It is well-known that most political conservatives don’t trust Big Government, and that most political liberals don’t trust Big Business. I don’t trust either, because I know that both are run by sinful men and women with a lot of power. The temptation for abuse is awfully strong, and it is a temptation that history has shown most people can’t resist. And usually the path to the fall looks a lot like the above situation: an organization decides to implement something that is ripe for abuse while proclaiming “we won’t abuse it, we will just use it for good!” But shortly that new power is slowly expanded until it is truly abused (although it is still claimed to be used for “good”).
In most acts of contrition, we pray to “avoid the near occasion of sin”. I think it would be prudent if government and business organizations would also take that desire to heart, so that they don’t give themselves the tools of their own fall.
Yesterday news broke that Hall of Fame linebacker Lawrence Taylor was charged with rape and patronizing a prostitute. This follows the accusation about a month ago that Super Bowl-winning quarterback Ben Roethlisberger sexually assaulted a college student in Georgia earlier this year. In both cases, people who knew the men expressed shock and disbelief that these men would have done such heinous acts. Like many such high-profile cases, people could not see how men they perceived as “nice” could also act in such a manner.
The problem is that too many people today equate being “nice” with being good. Being nice is part of being good, but the two terms are not equivalent. Niceness, or politeness, is simply one of the virtues that entail being a good person. It is quite possible to be polite to others and yet be a monster. In fact, many monsters throughout history have used politeness to accomplish their evil designs.
Each of the virtues involve putting the good of others before one’s own desires. This is true of politeness; instead of just dominating interactions with others to obtain your own needs, being polite forces you to put the other person’s needs ahead of your own. But it is quite possible to be selfless when it comes to social interactions in public and still be quite selfish in other situations, especially those that occur in private. Each person has his own strengths and weaknesses in the moral life, and just because a person might be unfailingly polite does not mean that he is also virtuous in other areas. For example, a person might have been raised with strict guidelines for being polite in social situations and thus is able to be polite quite easily, but he might also be a compulsive liar or adulterer. Furthermore, oftentimes people will behave in public much differently than they behave in private – not for virtuous reasons, but because they want to avoid shame.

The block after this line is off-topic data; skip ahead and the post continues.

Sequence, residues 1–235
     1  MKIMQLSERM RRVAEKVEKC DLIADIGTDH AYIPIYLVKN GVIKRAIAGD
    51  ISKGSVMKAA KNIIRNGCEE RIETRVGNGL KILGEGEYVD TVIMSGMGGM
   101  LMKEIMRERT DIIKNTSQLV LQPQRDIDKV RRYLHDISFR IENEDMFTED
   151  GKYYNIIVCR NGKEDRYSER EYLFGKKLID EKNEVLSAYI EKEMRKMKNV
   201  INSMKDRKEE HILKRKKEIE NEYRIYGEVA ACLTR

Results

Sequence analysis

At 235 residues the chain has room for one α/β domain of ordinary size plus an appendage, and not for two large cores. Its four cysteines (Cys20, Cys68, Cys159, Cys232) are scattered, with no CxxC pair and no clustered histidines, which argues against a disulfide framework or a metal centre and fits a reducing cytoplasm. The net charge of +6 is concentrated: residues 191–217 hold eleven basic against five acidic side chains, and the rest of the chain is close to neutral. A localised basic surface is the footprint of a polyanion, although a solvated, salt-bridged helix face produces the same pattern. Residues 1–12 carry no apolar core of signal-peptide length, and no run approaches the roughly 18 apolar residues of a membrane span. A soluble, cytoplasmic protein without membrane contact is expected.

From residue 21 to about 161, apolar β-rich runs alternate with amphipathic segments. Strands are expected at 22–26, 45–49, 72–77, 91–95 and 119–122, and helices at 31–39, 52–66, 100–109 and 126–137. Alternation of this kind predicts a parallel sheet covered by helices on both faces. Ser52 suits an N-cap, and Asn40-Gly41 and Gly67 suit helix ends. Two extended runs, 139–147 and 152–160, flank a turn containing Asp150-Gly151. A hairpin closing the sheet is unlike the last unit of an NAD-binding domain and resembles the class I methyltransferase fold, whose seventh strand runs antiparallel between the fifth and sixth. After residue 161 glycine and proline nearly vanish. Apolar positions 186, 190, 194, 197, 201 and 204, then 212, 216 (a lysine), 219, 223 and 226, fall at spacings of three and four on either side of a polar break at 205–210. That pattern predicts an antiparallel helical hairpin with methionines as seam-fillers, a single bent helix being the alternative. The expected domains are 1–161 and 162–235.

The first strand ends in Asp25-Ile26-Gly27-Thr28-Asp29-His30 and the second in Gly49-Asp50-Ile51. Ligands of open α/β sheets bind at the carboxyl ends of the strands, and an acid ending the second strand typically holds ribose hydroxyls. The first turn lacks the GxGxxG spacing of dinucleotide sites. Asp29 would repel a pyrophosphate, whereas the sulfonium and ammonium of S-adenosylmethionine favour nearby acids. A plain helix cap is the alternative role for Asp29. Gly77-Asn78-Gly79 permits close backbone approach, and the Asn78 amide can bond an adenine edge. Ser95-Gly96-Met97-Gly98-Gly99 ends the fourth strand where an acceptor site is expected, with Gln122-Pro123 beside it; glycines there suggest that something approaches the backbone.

The key to a truly virtuous life – to being truly “good” – is making all your actions selfless, even those no one else sees. Each one of us will struggle with a few particular areas and find other areas of the moral life quite easy. But we need to remember that being “nice” does not mean we have mastered the moral life. This is true not just for public figures, but for ourselves as well.
One of my favorite blogs, Sacramentum Vitae, maintained by Michael Liccione, has returned after a long hiatus. This is great news – Michael is one of the best Catholic bloggers around, and he was sorely missed while he was away from blogging. If you haven’t been to his blog before, be sure to check it out.
Dr. Gary Smalley is a popular Christian marriage counselor who has written numerous books to help strengthen marriages. In this video, he takes a bit of a different – and more humorous - approach:
H/t: Byzantine, TX
I was teaching Catechism to my son yesterday, and our topic was vocations. I was talking about living various vocations in the Church, such as being a lay person or a priest. At dinner, my wife was asking him what he learned about vocations, and he said,
“Well, you can either be a priest or a lame person.”
Two videos for your enjoyment today. First, a look back at how well we here in the mid-Atlantic handle snow:
Next, a look forward at the season we are about to enter:
Or, in other words:
“But seek first his kingdom and his righteousness, and all these things will be given to you as well.”